Method for Treating Cartilage Defects

Michael Lytinas
Ideas Foundation, Boston, MA
Fig. 1 – By applying electricity, ions move from the solution into the cartilage replenishing it with fresh ions and restoring function.

This invention is a method to treat cartilage defects in osteoarthritis and cartilage injuries by moving ions into a collagen matrix of the defective cartilage using electricity. (See Figure 1)

Human joint surfaces are covered by articular cartilage, a low friction, durable material that distributes mechanical forces and protects the underlying bone. Injuries to articular cartilage are common, especially in the knee. Data from the U.S. Centers for Disease Control and Prevention (CDC) and clinical studies have suggested that approximately 100,000 articular cartilage injuries occur per year in the US. Since damaged articular cartilage does not heal, degeneration of the surrounding uninjured cartilage occurs over time. The current osteoarthritis therapeutic regiment includes drugs for pain alleviation, injections of hyaluronic acid or other lubricant-type substances inside the joint to ease the function of the joint, and finally surgery and joint replacement.

This technology differs from what is currently available in the market since it works to bring cartilage back to its previous, healthy stage by forcing ions back into the cartilage. The elasticity that the articular cartilage offers is due to the osmotic swelling of the chondroitin sulphate chains within the cartilage. These chains attract counter ions Na+ to maintain electroneutrality and this creates the osmotic swelling which translates into elasticity of the cartilage in humans. In osteoarthritis, these ions are lost. With this technology, we try to put them back into their place to replenish the cartilage and restore its elasticity and the normal function of the joint.

The clinical part of

this technology includes a probe that contains a solution with free ions and touches the defective cartilage part. By applying electricity, the ions move from the solution into the cartilage replenishing it with fresh ions and restoring its function.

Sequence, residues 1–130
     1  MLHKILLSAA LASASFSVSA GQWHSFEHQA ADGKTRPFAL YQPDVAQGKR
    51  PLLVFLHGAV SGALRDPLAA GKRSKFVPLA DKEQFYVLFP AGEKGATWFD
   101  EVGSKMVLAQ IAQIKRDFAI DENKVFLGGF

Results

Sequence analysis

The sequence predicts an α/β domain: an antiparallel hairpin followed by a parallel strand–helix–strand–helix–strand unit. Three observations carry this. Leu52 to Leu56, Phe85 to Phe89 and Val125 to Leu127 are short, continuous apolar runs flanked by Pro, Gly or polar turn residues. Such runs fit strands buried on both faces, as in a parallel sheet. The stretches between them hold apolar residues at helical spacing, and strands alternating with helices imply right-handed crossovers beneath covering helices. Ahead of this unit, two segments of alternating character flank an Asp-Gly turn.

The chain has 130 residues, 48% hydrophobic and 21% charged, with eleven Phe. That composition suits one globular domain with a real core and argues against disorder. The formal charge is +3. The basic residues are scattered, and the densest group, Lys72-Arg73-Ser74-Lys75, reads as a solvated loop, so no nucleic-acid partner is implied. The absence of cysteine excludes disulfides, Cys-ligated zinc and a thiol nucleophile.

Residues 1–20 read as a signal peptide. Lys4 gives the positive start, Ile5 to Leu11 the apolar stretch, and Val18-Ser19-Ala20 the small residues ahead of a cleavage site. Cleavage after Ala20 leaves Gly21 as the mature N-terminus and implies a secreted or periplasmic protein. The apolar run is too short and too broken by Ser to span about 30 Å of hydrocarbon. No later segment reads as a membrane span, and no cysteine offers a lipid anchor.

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Portable and Automated Sickle Cell Disease Diagnosis and Patient Monitoring Using Magnetic Levitation

Stephanie Knowlton and Dr. Savas Tasoglu
University of Connecticut, Storrs, CT
Fig. 1 – Images of levitating cells are captured using a smartphone camera through an optical lens and analyzed by an application to identify sickle cells.

About 300,000 children are born with sickle cell anemia every year and, if left undiagnosed, can lead to “silent” strokes and other serious complications. This hereditary disease is most common in Central and West Africa but in these developing areas, there is no widespread screening program and the mortality rate is 50% to 90% before the age of 5. This portable, economical, and user-friendly device can be used to diagnose sickle cell disease in low-resource settings with no external energy source or equip ment or specific labels or antibodies.

This approach is based on magnetic levitation, which en ables real-time interrogation and monitoring of the biological activity of red blood cells based on subtle changes in their magnetic signature and density. The test requires only a drop of blood obtained via finger stick, which is mixed with a cell-friendly solution containing paramagnetic ions and sodium metabisulfite to deoxygenate and dehydrate sickle cells. Sample preparation takes less than a minute and results are available within 15 minutes. Images of levitating cells are captured using a smartphone camera through an optical lens and analyzed by an application to identify sickle cells, which have a higher density and levitate at a lower height than healthy cells. (See Figure 1)

Current testing procedures cannot differentiate between a patient who has inherited two sickle cell genes (who is said to have sickle cell anemia) and a patient with one sickle cell gene (sickle cell trait). Hemoglobin electrophoresis to distinguish between these cases requires equipment often unavailable in developing countries. Because this platform is based on digital analysis, it can distinguish between sickle cell anemia and trait.

Currently, the devices are 3D printed for rapid prototyping but they may be manufactured at a low cost (estimated under $10) for in low-resource countries and patients living with sickle cell disease. Each test costs around $1, which is only a fraction of the current test cost. Keeping the design simple, said Knowlton, was actually more difficult than making it more complicated, but it was worth it since the current prototype only requires an LED, 2 magnets, a lens, and a smartphone.

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Medical Design Briefs Magazine

This article first appeared in the November, 2015 issue of Medical Design Briefs Magazine.

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